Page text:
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Показать все книги автора/авторов: Dick Philip

«The Book of Philip K Dick», Philip Dick


"WHEN I look back," Mary Fields said, "I marvel that we ever could have grown up without a Nanny to take care of us."

There was no doubt that Nanny had changed the whole life of the Fields's house since she had come. From the time the children opened their eyes in the morning to their last sleepy nod at night, Nanny was in there with them, watching them, hovering about them, seeing that all their wants were taken care of.

Mr. Fields knew, when he went to the office, that his kids were safe, perfectly safe. And Mary was relieved of a countless procession of chores and worries. She did not have to wake the children up, dress them, see that they were washed, ate their meals, or anything else. She did not even have to take them to school. And after school, if they did not come right home, she did not have to pace back and forth in anxiety, worried that something had happened to them.

Not that Nanny spoiled them, of course. When they demanded something absurd or harmful (a whole storeful of candy, or a policeman's motorcycle) Nanny's will was like iron. Like a good shepherd she knew when to refuse the flock its wishes.

Both children loved her. Once, when Nanny had to be sent to the repair shop, they cried and cried without stopping. Neither their mother nor their father could console them. But at last Nanny was back again, and everything was all right. And just in time! Mrs. Fields was exhausted.

"Lord," she said, throwing herself down. "What would we do without her?"

Mr. Fields looked up. "Without who?"

"Without Nanny."

"Heaven only knows," Mr. Fields said. After Nanny had aroused the children from sleep—by emitting a soft, musical whirr a few feet from their heads—she made certain that they were dressed and down at the breakfast table promptly, with faces clean and dispositions unclouded. If they were cross Nanny allowed them the pleasure of riding downstairs on her back.

Coveted pleasure! Almost like a roller coaster, with Bobby and Jean hanging on for dear life and Nanny flowing down step by step in the funny rolling way she had.

Nanny did not prepare breakfast, of course. That was all done by the kitchen. But she remained to see that the children ate properly and then, when breakfast was over, she supervised their preparations for school. And after they had got their books together and were all brushed and neat, her most important job: seeing that they were safe on the busy streets.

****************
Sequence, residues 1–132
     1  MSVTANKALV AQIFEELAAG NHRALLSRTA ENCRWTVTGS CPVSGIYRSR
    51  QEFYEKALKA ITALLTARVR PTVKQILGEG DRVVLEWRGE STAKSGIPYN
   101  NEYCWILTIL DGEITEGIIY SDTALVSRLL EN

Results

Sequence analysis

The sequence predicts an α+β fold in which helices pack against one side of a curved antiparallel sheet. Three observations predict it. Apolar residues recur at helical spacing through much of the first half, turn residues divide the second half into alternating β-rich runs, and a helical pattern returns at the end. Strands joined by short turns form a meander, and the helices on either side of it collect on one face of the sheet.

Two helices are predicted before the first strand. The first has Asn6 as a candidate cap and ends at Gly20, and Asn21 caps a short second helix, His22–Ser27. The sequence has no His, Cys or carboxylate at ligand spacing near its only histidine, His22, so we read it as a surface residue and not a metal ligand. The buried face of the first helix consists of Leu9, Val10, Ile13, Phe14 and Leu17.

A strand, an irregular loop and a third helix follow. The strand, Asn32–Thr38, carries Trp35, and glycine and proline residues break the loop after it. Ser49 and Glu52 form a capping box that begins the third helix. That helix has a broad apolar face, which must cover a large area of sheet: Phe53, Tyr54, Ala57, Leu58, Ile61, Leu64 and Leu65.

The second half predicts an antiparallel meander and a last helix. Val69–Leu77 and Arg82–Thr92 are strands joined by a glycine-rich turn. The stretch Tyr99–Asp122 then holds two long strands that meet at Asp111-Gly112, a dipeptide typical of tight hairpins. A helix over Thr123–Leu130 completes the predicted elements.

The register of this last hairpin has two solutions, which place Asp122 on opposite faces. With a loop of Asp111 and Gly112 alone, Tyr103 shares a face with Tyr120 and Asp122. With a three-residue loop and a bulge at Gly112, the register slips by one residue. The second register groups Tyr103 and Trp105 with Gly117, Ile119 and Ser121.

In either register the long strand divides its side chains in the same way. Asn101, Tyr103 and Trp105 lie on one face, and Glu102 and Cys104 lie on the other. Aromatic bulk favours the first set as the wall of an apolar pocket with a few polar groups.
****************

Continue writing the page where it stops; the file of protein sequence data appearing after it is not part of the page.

There were many hazards in the city, quite enough to keep Nanny watchful. The swift rocket cruisers that swept along, carrying businessmen to work. The time a bully had tried to hurt Bobby. One quick push from Nanny's starboard grapple and away he went, howling for all he was worth. And the time a drunk started talking to Jean, with heaven knows what in mind. Nanny tipped him into the gutter with one nudge of her powerful metal side.

Sometimes the children would linger in front of a store. Nanny would have to prod them gently, urging them on. Or if (as sometimes happened) the children were late to school, Nanny would put them on her back and fairly speed along the sidewalk, her treads buzzing and flapping at a great rate.

After school Nanny was with them constantly, supervising their play, watching over them, protecting them, and at last, when it began to get dark and late, dragging them away from their games and turned in the direction of home.

Sure enough, just as dinner was being set on the table, there was Nanny, herding Bobby and Jean in through the front door, clicking and whirring admonishingly at them. Just in time for dinner! A quick run to the bathroom to wash their faces and hands.

And at night—

Mrs. Fields was silent, frowning just a little. At night... "Tom?" she said.

Her husband looked up from his paper. "What?"

"I've been meaning to talk to you about something. It's very odd, something I don't understand. Of course, I don't know anything about mechanical things. But Tom, at night when we're all asleep and the house is quiet, Nanny—"

There was a sound.

"Mommy!" Jean and Bobby came scampering into the living room, their faces flushed with pleasure. "Mommy, we raced Nanny all the way home, and we won!"

"We won," Bobby said. "We beat her."

"We ran a lot faster than she did," Jean said.

"Where is Nanny, children?" Mrs. Fields asked.

"She's coming. Hello, Daddy."

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